January 29, 2008

Eyes on the Primaries: McCain Looks to Win Florida

Print More

With Super Tuesday just a week away, Sen. John McCain’s (R-Ariz.) campaign is gaining momentum at a critical point in the presidential race. McCain is currently anticipating the results of today’s primary in Florida, considered to be the most decisive contest to date.
The senator began his presidential campaign about a year ago, receiving early support from fund-raisers and policy advisers from the past two Bush campaigns. McCain’s campaign has since raised $32.1 million, roughly half of what his Republican competitor former governor Mitt Romney has raised.
McCain started the primary season off trailing behind his contenders in the Iowa caucus on Jan. 3, but his campaign began picking up speed when he won the New Hampshire primary on Jan. 8 with 37.1 percent of the vote.
On Jan. 19, McCain won the South Carolina primary with 33.2 percent of the vote.
Recently, McCain has received an array of support from prominent public figures. On Jan. 25, The New York Times endorsed McCain as the Republican candidate.
“We have strong disagreements with all the Republicans running for president,” The Times stated in an editorial. “McCain is the only Republican who promises to end the George Bush style of governing from and on behalf of a small, angry fringe. With a record of working across the aisle to develop sound bipartisan legislation, he would offer a choice to a broader range of Americans than the rest of the Republican field.”
Additionally, on Jan. 26, just days before today’s primary in Florida, McCain received the endorsement of Gov. Charlie Crist (R-Fla.).
“Senator John McCain is a true American hero and patriot and I am honored to endorse him tonight in St. Petersburg,” Crist said.
One of the most prominent issues on McCain’s agenda is lowering the cost of health care.
“The biggest problem with the American health care system is that it costs too much … Businesses and families pay more and more every year to get what they often consider to be inadequate attention or poor care,” McCain stated in Iowa in October.
While McCain opposes making health care mandatory for all citizens, he has proposed a free-market system that would lower the cost of insurance. He plans to improve the affordability of health insurance by granting tax-credits to low-income earners, making generic drugs more easily available and creating a federal commission to oversee the cost of health insurance.
In response to the lagging economy, McCain has proposed make Bush’s tax cuts permanent and grant additional middle-class tax cuts.
“My middle-class tax cut is exactly what the sluggish U.S. economy needs. It would lower marginal tax rates, raise economic growth immediately and over the longer term, and over the next five years lead to an additional $2,000 for every man, woman and child in America,” McCain said on Jan. 12 in Michigan.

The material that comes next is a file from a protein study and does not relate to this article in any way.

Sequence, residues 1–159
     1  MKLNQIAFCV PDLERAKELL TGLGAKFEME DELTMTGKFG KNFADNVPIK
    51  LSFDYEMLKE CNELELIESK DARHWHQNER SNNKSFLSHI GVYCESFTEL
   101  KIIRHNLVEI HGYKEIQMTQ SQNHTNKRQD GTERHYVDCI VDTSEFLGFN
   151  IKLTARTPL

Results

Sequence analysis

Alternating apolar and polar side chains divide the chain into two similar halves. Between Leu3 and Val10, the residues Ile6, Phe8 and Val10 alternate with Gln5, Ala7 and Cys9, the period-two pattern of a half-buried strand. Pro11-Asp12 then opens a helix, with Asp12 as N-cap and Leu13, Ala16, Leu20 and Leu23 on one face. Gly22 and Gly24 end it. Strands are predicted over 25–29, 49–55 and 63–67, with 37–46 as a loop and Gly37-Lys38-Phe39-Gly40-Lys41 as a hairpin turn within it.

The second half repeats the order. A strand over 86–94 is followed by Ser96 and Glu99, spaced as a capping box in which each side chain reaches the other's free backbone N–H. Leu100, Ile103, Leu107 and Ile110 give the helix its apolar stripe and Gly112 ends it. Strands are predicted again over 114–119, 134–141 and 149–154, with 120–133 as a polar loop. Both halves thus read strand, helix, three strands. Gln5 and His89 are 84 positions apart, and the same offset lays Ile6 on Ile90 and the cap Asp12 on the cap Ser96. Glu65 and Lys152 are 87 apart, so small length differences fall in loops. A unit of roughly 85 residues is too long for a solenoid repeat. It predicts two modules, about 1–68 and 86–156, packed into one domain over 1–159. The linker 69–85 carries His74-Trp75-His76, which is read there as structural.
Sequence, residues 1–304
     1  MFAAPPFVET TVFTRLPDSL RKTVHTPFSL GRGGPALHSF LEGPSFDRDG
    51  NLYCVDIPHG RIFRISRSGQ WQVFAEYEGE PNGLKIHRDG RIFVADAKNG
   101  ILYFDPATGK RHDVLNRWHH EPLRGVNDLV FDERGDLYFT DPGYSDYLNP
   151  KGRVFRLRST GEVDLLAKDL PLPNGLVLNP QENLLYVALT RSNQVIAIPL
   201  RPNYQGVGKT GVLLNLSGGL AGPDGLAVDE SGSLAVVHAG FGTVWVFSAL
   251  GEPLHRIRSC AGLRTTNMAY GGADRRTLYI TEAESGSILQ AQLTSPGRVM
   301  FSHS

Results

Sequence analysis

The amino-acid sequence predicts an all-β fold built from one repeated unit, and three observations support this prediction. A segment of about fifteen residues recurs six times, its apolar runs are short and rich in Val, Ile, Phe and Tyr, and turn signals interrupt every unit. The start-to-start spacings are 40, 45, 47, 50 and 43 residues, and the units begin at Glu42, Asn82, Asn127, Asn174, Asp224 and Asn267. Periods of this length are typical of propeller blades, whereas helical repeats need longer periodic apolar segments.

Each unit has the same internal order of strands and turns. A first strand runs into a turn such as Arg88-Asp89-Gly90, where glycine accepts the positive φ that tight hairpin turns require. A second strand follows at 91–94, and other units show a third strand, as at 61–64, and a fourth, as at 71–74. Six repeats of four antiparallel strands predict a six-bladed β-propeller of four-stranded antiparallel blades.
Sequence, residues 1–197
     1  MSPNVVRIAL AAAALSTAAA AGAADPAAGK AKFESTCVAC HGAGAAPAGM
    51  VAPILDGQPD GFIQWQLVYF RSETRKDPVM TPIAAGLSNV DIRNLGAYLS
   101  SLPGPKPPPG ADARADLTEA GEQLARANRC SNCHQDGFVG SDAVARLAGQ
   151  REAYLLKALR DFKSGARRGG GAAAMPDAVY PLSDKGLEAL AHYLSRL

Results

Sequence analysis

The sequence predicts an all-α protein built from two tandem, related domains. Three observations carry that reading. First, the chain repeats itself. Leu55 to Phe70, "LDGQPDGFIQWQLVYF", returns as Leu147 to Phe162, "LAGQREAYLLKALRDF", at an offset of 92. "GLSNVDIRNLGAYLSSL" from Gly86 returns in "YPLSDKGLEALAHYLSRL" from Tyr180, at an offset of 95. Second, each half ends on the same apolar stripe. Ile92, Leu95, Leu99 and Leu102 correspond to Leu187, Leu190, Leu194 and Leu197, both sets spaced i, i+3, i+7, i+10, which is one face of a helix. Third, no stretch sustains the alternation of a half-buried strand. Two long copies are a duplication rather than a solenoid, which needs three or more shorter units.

While his Democratic rivals have advocated for a troop withdrawal from Iraq, McCain supports a troop increase and opposes a timetable for withdrawal.
Laura Kaplan ’09 supports McCain and believes that he has the potential the steer the nation in the right direction.
“[McCain] has the intelligence, maturity and experience needed to navigate the country through the war in Iraq and restore the U.S.’s international image,” she said.
McCain has expressed mixed views on the controversial issue of abortion. Most recently, he articulated that he would like to see Roe v. Wade overturned and supported a federal ban on partial-birth abortion.
In 1999, however, McCain asserted that he would “love to see a point where [Roe v. Wade] is irrelevant, and could be repealed because abortion is no longer necessary. But certainly in the short term, or even the long term, I would not support repeal of Roe v. Wade, which would then force X number of women in America to [undergo] illegal and dangerous operations.”
Before entering the political spectrum, McCain received many military honors for his service in the Vietnam War. While serving in the war in Oct. 1967, McCain was captured as a prisoner of war after a missile struck his plane. He remained in captivity for five and a half years.
McCain ran in the 2000 presidential race, but after losing to George W. Bush in the South Carolina primary, McCain’s campaign never rebounded and he lost nine of the 13 Super Tuesday contests.
“Senator McCain represents the best of both worlds. While he has been a diligent student of the ways of Washington, he has managed to stay true to his principles,” said Ilana Yoffe ’09, a McCain supporter. “Other candidates pay lip service to change, whereas Senator McCain’s actions have spoken louder than words.”
Want to read about the other candidates? Click on the candidates name: Sen. John McCain (R-Ariz.), former Gov. Mike Huckabee, former Gov. Mitt Romney, former Sen. John Edwards , Sen. Barack Obama (D-Ill.) or Sen. Hillary Clinton (D-N.Y).